needed — especially working my way through it washing dishes in
the cafeteria.

The other common complaint I hear about college is, “Don’t go,
because it just prepares you to be a corporate tool. Start your
own business instead — you’ll have more freedom and make more
money.”

The problem with the “everyone should own their own business”
school of thinking is that it assumes having a job is universally
terrible and everyone hates it. And also, that everyone wants to
and should be self-employed.

But I know many people who prefer being employees. They have no
stomach for the marketing and selling which is required of most
small business owners. They are quite content being given work to
do by a boss and then doing it well. They like having a regular
paycheck, too.

In my case, I was perfectly content in my two corporate jobs. I
only quit because in my second job, I was told I had to relocate
from Manhattan to Wichita, Kansas, and I did not want to.

Not up to another job search, I asked myself whether there was
anything I did in my job as an advertising manager I could offer
as a freelance service.

And that’s how I got into freelance copywriting.

One more thing….

For my first few years as a freelance copywriter, I specialized
almost exclusively in industrial writing.

Prospects challenged me: “How can you understand our products?
They are technical!”

I had a five-word answer: “I am a chemical engineer.”

And that was all it took to overcome their one major objection —
that a copywriter could not understand their products — and get
hired.

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The #1 challenge of writing a weekly e-newsletter

April 25th, 2017 by Bob Bly

I am a big advocate of publishing your own e-newsletter,
because it is one of the best ways to build a large opt-in e-list
… and to establish a good relationship with your subscribers.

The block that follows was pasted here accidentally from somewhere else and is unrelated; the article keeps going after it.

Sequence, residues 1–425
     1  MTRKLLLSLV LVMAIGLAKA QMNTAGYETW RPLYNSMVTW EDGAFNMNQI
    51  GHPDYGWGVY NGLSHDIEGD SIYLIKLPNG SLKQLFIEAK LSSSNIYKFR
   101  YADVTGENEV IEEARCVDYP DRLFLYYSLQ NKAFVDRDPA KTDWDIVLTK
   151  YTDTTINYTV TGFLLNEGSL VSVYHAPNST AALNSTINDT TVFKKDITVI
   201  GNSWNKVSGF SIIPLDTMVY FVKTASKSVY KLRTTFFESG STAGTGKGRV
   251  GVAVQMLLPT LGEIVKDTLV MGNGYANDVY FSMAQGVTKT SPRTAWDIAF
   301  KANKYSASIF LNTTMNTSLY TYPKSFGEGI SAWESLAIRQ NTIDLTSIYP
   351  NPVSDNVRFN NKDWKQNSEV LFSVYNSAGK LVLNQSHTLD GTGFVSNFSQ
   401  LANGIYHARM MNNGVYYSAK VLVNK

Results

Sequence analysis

Doing so builds trust that leads to sales.

“But where do you get ideas for all those newsletter articles
seemingly without end?” I am often asked (I have been publishing
this online newsletter continually since 2004).

If you wish to publish an e-newsletter — whether sporadically,
monthly, or weekly — all of which can work … let me share with
you my 5 favorite sources of ideas and inspiration:

1–Things I learn.

If you are an active practitioner in your field, and given the
breakneck speed with which new techniques and developments are
invented, you are learning all the time.

Many of my articles are based on things I learn doing and
observing marketing.

I don’t invent most of them. I merely study and then explain them
in my newsletter essays.

2–Things I see.

When I observe and admire a particularly clever or effective
marketing campaign, I tell you about it here — so you can learn
it and perhaps adapt it to your business.

3–Things I know.

After almost 40 years as a copywriter and marketer, I’ve seen,
read, and tested a lot of things most other marketers have not.

Many of them are evergreen, and I present these rules and tactics
here for you — hidden gems not 1 in 100 of your competitors even
know about — giving you an almost unfair advantage.

4–Rants.

When I see people repeatedly making egregious marketing mistakes,
ignoring time-tested principles, or saying things that are wrong
or stupid, I report their errors (not naming the person
responsible) so you can learn from their mistakes.

I call these “rants” because I do tend to get worked up about it.
I have a highly sensitive B.S. detector and share what it detects
with you — often in opinionated and forceful terms.

5–Recommendations.

Whether it is a new book, new guru, recognized expert, online
course, vendor, or other resource that I think you should take a
closer look at, you’ll read about it here.

I could go on, but for me, these 5 sources give me 90% of the
ideas I need to keep on writing two fresh essays every week like
clockwork.

As for frequency, start with monthly. If open rates are good and
unsubscribe rates low, test going to weekly.

If the unsubscribe rate doesn’t spike, then your subscribers like
your missives well enough to want one a week.

Since at least half of your messages should be content, and half
or fewer sales pitches, a weekly newsletter gives you at least
one opportunity to sell a product a week.

Which can substantially increase your online revenues to the
$100,000 to $200,000 a year level or more — a stream of passive
income that can make your life easier without you working too
hard to get it.

Who wouldn’t want that?